- Education and Training: decision support system, extension, farmer to farmer, focus group, mentoring, networking, technical assistance, workshop
- Sustainable Communities: community development, community planning, food hubs, local and regional food systems, partnerships, public participation, sustainability measures, urban agriculture, urban/rural integration, values-based supply chains
There is an increased demand and growing interest for local foods in Idaho. Many communities are looking at this growth and trying to assess or evaluate the impacts of the “buy local” phenomenon. Several Idaho communities have already taken on a community food assessment, developed a food hub and/or have an active Food Council, Food Coalition or other food systems organization. Each community has different goals and each is at a different phase of building a more resilient food system.
While many communities have made progress, there are still many challenges to convening food system practitioners on a local or regional level. For many food systems, the next step is to identify, prioritize and justify projects that contribute in some form to improved food security and increased availability and consumption of local foods. One component that is lacking for many Idaho communities is the ability to evaluate the economic impacts of local foods to individual communities, and to the overall state.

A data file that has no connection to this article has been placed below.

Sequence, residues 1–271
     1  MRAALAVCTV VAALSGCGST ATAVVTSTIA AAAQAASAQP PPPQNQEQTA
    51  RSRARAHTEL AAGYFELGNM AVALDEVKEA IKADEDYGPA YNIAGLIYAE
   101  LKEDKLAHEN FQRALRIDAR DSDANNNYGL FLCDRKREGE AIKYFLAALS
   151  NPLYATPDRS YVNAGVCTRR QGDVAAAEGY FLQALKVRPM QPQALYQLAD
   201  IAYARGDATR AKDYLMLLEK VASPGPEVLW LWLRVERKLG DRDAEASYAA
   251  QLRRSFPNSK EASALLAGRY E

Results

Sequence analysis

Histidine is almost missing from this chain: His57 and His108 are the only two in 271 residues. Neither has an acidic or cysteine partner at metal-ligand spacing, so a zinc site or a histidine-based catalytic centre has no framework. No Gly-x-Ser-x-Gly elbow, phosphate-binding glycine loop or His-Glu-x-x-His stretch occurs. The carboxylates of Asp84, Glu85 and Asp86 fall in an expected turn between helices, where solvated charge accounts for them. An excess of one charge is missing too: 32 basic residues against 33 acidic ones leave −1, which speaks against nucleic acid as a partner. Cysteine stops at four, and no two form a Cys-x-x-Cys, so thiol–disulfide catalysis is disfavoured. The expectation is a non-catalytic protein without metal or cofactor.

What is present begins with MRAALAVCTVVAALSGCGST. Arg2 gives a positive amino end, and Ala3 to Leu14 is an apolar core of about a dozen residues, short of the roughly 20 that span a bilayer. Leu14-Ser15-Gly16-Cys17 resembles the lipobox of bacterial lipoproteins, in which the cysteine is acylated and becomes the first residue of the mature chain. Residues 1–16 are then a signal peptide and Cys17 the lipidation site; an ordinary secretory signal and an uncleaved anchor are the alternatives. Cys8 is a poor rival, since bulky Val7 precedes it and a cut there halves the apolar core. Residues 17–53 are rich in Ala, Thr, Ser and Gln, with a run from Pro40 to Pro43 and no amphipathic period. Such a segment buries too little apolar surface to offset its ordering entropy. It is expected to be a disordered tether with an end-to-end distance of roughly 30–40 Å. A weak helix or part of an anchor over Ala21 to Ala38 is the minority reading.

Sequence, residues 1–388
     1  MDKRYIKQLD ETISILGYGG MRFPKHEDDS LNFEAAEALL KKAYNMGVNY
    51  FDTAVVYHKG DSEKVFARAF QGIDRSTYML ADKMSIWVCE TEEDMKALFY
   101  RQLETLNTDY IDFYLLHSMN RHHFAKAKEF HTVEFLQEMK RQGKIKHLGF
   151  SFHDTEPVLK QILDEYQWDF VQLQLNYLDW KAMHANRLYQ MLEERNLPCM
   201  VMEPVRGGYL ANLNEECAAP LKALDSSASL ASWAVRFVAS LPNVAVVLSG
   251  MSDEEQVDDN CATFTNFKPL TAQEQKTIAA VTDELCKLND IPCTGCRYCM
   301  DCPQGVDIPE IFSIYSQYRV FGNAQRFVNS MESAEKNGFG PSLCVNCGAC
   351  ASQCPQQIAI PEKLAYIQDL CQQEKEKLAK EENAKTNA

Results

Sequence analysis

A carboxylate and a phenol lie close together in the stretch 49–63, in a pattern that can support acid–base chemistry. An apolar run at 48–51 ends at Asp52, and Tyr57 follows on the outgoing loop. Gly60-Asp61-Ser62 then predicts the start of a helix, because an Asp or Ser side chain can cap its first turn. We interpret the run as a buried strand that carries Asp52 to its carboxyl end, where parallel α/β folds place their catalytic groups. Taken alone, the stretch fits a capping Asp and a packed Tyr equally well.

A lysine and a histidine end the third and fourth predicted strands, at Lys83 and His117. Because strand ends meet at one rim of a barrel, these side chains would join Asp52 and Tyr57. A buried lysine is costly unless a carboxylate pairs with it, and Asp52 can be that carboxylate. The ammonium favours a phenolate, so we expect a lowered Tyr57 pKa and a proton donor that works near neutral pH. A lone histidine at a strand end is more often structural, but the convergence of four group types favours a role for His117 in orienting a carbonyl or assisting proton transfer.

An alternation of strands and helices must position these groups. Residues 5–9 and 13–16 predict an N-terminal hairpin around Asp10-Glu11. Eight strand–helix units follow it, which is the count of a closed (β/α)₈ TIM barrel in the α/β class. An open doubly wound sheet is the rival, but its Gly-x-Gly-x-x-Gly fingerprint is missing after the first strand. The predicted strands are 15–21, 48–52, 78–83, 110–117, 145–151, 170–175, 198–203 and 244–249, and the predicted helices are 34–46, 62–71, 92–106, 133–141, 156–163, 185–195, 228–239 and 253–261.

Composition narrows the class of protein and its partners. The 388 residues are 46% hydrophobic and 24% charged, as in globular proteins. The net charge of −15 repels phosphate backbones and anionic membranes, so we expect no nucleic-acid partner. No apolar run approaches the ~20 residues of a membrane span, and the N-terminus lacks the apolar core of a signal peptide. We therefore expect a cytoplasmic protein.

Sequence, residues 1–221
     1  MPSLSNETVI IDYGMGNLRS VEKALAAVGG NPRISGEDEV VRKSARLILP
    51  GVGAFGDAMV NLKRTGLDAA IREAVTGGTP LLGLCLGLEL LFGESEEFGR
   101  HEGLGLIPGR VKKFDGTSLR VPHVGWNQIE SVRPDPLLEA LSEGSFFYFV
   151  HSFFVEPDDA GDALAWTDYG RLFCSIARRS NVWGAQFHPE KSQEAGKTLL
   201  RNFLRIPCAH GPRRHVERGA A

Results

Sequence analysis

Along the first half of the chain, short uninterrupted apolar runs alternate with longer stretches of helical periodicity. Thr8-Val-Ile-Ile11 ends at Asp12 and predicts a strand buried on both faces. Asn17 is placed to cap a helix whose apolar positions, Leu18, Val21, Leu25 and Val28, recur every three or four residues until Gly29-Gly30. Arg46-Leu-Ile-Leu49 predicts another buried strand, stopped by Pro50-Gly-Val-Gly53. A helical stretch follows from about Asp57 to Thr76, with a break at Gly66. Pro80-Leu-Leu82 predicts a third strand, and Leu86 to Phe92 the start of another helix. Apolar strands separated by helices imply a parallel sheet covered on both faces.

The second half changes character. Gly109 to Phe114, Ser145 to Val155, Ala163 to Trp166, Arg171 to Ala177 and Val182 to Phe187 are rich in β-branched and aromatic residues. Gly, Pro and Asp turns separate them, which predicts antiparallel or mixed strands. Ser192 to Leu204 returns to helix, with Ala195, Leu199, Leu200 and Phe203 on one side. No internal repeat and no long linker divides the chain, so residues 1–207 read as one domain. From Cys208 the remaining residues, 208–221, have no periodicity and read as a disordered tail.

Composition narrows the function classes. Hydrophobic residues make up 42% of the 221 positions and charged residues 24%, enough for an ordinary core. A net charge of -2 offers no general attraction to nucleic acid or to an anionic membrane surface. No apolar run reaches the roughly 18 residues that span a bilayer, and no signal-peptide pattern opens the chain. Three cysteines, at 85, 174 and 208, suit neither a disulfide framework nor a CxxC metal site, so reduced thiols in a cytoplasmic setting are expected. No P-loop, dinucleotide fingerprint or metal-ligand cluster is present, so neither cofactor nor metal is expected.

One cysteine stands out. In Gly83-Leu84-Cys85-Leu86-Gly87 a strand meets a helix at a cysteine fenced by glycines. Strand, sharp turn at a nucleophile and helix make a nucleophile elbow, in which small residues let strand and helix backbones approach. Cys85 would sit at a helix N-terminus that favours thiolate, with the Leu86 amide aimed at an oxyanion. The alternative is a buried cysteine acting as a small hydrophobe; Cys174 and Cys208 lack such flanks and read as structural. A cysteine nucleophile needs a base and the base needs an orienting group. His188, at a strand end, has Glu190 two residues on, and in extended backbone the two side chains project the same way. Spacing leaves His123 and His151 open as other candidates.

Therefore, the Idaho SARE Advisory Committee identified the need to develop food system technical assistance workshops organized by UI Extension and tailored for individual communities and a large conference focused on the economic analysis of local foods. As such, this proposal aims to: 1) increase capacity for food system practitioners, statewide, to prioritize and achieve food system goals and 2) increase use of data to evaluate and communicate the economic impacts of local foods to Idaho communities.
The Idaho SARE PDP Advisory Committee, as well as a needs assessment conducted with Extension and non-profit representatives, identified a target plan to bring local food system workshops to as many communities in Idaho as possible. The Idaho SARE Advisory Committee is comprised of land grant university faculty, farmers/ranchers, nonprofit organizations, and government agencies.
In Idaho, many communities are making strides in enhancing and increasing access and production of local foods. Much of these efforts are led in collaboration with community organizers, visionaries, non-profits, and Extension. However many of these efforts would benefit from additional outside support as well as collaborating beyond the community for strategic regional food system planning. Therefore, the necessary support outlined for this proposal include the following: 1) a large conference that convenes food system statewide leaders focused on the economic metrics of local foods and 2) facilitated food system workshops for three to five Idaho communities.
Around the country, farmers, entrepreneurs, community organizers, and activists are creating novel ways to rebuild food systems that are economically, environmentally, and socially sustainable (Fitzgerald, Evans, & Daniel, 2010). From food hubs, to Food Councils, and farm-to-institution initiatives, these projects led by visionaries are setting examples of ways to re-envision the way food is produced, processed, distributed, and consumed by Americans (Donahur, 2014; Ackerman-Leist, 2013; Fox, 2013). These efforts offer strategic models for other communities to replicate in order to produce more sustainable food systems on the local, regional, and national level.